Lawmakers in Maine are pushing a plan that would create an online school run by the state, and policymakers are reviewing new performance and governance standards for online charter schools as the bid progresses.
Sponsored by Sen. Brian Langley and co-sponsored by several Democrats on the Education Committee, the proposal L.D.1736 to create a state-run online school is supported by several education groups that have vocally opposed virtual charter schools, including the Maine Education Association, the union that represents public school teachers. Langley says the state run virtual school will give students the benefit of online learning while avoiding the risks that go along with turning over administration of the schools to companies.
In spite of that support, the proposal faces challenges that include resistance from the LePage administration. This opposition is based on a provision in the bill that freezes approval of virtual charter schools until the state run virtual school becomes operational by August 2016.
The freeze on the Maine Charter School Commission’s approval of virtual charter schools was a no-go for opponents. One opponent was Deborah Friedman, director of policy and programs at the Maine Department of Education, who said the two-year moratorium would stifle access to virtual schools that could open earlier.
Friedman was referring to two virtual school applicants that were previously rejected by the charter commission but that recently won initial approval last week. The Maine Connections Academy and Maine Virtual Academy were rejected in the early round of votes by the commission, partially because of concerns that the schools would not be sufficiently independent from the large national companies that provide the curriculum and largely manage the schools.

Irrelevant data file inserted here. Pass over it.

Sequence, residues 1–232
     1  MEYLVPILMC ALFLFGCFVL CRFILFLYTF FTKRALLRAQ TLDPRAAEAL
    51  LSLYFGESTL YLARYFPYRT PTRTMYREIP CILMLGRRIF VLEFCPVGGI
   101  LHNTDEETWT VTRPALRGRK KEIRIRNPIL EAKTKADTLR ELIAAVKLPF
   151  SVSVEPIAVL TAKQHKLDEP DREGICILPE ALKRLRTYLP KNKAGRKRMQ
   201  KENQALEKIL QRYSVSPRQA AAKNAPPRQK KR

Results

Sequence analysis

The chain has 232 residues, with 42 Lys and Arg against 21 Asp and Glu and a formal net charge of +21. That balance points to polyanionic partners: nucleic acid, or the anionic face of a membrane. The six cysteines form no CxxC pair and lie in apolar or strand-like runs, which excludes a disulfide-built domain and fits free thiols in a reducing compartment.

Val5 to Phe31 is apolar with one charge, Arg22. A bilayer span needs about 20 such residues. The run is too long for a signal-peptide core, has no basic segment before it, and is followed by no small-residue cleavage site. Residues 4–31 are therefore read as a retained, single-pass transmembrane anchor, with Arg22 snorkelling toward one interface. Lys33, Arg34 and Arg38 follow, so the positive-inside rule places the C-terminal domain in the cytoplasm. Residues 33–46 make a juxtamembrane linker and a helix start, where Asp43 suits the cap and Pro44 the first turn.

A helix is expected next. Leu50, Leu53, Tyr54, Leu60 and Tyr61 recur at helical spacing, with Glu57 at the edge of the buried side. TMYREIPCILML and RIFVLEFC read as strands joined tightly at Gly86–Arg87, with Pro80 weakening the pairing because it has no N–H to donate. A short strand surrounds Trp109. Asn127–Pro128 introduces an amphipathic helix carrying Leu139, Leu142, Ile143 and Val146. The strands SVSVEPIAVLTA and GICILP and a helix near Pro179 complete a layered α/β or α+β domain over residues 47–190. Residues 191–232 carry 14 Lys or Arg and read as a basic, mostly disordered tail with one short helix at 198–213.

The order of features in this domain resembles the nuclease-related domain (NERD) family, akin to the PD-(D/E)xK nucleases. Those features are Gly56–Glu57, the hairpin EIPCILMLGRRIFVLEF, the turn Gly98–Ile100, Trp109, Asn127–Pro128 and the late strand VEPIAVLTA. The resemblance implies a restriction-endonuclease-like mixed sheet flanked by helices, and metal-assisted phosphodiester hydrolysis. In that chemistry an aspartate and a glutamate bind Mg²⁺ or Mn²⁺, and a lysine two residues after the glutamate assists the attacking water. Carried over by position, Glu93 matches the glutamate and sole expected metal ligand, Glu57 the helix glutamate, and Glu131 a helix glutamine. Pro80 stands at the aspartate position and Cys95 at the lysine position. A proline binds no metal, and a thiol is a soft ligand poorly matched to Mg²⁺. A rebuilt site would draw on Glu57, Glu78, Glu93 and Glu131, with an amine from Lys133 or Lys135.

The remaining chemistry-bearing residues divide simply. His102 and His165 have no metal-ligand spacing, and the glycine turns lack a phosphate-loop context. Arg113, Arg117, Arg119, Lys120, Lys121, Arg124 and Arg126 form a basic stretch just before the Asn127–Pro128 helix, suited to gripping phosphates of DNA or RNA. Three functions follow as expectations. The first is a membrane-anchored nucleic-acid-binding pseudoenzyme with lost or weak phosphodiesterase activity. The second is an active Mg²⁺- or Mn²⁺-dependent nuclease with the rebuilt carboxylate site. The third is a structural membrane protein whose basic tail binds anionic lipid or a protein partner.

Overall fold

Steve Mistler of the Kennebec Journal reports that the two applicant schools had representatives testify against the bill. President of the board for Maine Connections Academy Amy Volk said the proposal would be a “financial debacle, costing millions of dollars in taxpayer money”. Online charter schools, while publicly funded, operate independently of public school districts, with students learning at home through online lessons.
Despite the opposition to Langley’s bill, supporters said the proposal had a successful precedent in Vermont and New Hampshire, which are among several states that operate virtual schools, allowing public school districts to blend traditional learning with an online curriculum. Approximately 24 states allow the so-called “blended” curriculum, according to the 2013 Keeping Pace report by the Evergreen Education Group.
Currently around 50 Maine High Schools offer online courses for students. Robert Hasson of the Maine School Management Association says that state run academy would help coordinate these classes and avoid redundancy. The proposal would also state that the virtual school teachers under the state run school would be certified Maine Educators.
“One can envision a day when excellent Maine teachers are able to share their lessons with a much wider audience,” Hasson said. “Imagine what this would do for rural small schools that simply can’t afford the breadth of curriculum that would better challenge their students and keep them engaged.”
Susan Campbell with the Maine School Boards Associations says the proposal could extend course availability to low-income districts and control costs. Currently the cost for virtual charter schools includes sending school districts around $8,500 per student.
The LePage administration says charter schools and virtual charter schools are important for accommodating the different needs of students and for reforming the state’s education system.